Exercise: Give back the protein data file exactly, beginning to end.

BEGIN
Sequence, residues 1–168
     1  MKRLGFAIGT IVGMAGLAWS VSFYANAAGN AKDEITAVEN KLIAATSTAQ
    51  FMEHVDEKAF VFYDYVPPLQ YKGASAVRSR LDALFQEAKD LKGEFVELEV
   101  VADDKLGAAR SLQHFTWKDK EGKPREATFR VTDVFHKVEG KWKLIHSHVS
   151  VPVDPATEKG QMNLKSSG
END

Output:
Sequence, residues 1–168
     1  MKRLGFAIGT IVGMAGLAWS VSFYANAAGN AKDEITAVEN KLIAATSTAQ
    51  FMEHVDEKAF VFYDYVPPLQ YKGASAVRSR LDALFQEAKD LKGEFVELEV
   101  VADDKLGAAR SLQHFTWKDK EGKPREATFR VTDVFHKVEG KWKLIHSHVS
   151  VPVDPATEKG QMNLKSSG